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#FirstDraft120 Day 119: TWO MORE DAYS! (counting today) | #amwriting

Monday, January 30, 2017

fd120-time-to-writeAre we there yet? Today and tomorrow are the last days of the FirstDraft120 challenge. I’m warming up, getting ready to sing. 😉

What will you have accomplished by the time February 1 dawns that you might not otherwise have done in the last four months?

While I’d set out with a goal to complete a rough draft of a full manuscript for this challenge, I realized I was pushing myself too hard and needed to take much smaller steps. So I changed my goal to “relearn that writing can be fun” and allowed myself to “play” with a whole bunch of story/character ideas instead of trying to force myself to do what it was that burned me out on writing in the first place. And you know what? I’m starting to remember that creating fiction can be fun. I’m not 100% of the way there yet—and I didn’t do a good job of keeping up with my at-least-one-hour-a-day commitment to “fiction work” this weekend (I need to catch up with writing some story ideas today and tomorrow). But I no longer dread the idea of sitting at the computer (or with a notebook and pen) and doing writing-work. And most days, I actually look forward to it.

Monday Momentum Motivation
This video came through this morning from one of the YouTube channels I subscribe to, which is great timing. While he’s focused on cliched scenes in movies, I’ve seen many (if not all) of these in novels before.

Don’t believe me? Picture this scenario: Our Hero meets a woman to whom he’s immediately attracted. But (needle scratch on the record) she’s already in a relationship with someone else. Heroine has been dating the Other Guy for a while now. And while it’s not a perfect relationship, (for some reason) she’s determined to make it work. Come to find out, though, Other Guy is sleeping around/doing something illegal/kicks puppies in his spare time (whatever dastardly thing it is) which gives the Heroine the perfect excuse to dump him for the (much more perfect) Hero.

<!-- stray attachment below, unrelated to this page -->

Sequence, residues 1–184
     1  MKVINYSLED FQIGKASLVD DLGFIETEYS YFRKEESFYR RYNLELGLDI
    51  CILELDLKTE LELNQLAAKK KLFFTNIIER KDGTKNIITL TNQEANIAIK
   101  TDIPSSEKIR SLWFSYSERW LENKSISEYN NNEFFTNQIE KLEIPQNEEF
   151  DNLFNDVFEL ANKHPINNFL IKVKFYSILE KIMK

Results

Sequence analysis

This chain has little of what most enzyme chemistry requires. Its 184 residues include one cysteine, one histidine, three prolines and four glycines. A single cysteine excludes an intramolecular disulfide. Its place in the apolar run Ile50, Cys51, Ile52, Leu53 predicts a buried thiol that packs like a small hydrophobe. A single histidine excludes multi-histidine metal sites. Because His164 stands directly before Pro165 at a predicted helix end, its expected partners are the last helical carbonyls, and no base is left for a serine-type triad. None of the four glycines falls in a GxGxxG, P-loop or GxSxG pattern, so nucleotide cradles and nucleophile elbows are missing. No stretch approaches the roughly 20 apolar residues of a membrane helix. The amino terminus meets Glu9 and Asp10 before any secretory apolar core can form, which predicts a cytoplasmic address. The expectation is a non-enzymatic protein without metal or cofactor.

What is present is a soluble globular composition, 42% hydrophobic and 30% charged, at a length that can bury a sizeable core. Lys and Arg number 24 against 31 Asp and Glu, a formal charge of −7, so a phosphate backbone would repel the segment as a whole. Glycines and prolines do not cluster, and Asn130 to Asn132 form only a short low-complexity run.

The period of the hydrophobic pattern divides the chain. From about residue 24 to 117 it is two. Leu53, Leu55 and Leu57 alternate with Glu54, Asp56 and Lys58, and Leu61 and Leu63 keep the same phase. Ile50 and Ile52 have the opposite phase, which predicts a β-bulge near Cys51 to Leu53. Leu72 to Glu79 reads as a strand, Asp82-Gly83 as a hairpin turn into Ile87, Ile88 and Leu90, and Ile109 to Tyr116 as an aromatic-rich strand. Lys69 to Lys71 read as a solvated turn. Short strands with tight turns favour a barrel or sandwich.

Sound familiar? That’s because it’s the premise of far too many rom-com movies and romance novels out there. (Princess Bride, You’ve Got Mail, and so on.)

So, check out this video and see if there are any other cliched scenes you might be using without realizing it:

Are you guilty of any of these cliches? What kinds of scenes do you think are overused in fiction? How’s your writing going?

4 Comments leave one →
  1. Monday, January 30, 2017 6:10 pm

    Okay, so here’s the just-before-the-book-opens background information on the story idea I started on Thursday and want to try to finish tonight:

    (no working title yet)

    Michael Edward Witherington grew up in Philadelphia as the heir apparent to Declan Importing. As his father’s eldest (of 4 sons) and because his uncle (_______ Declan) had no children (only daughters/never married?), Michael has been groomed to take over the offices of Declan Importing/the extensive family business empire in England. Michael cannot imagine spending the rest of his life in one place and, thankfully, with his cousin Edward’s agreeing to take over the combined businesses’ (Witherington Sugar and Declan Importing) operations in Portsmouth, Michael strikes a deal with his parents to be allowed to take one of the ships to “scour the Old World” for the antiquities, arts, and collectibles that have made the business, and the extended Declan-Witherington family, quite successful/wealthy. He will travel though Europe and contract with merchant ships to send the goods back to England and Philadelphia for the company to sell.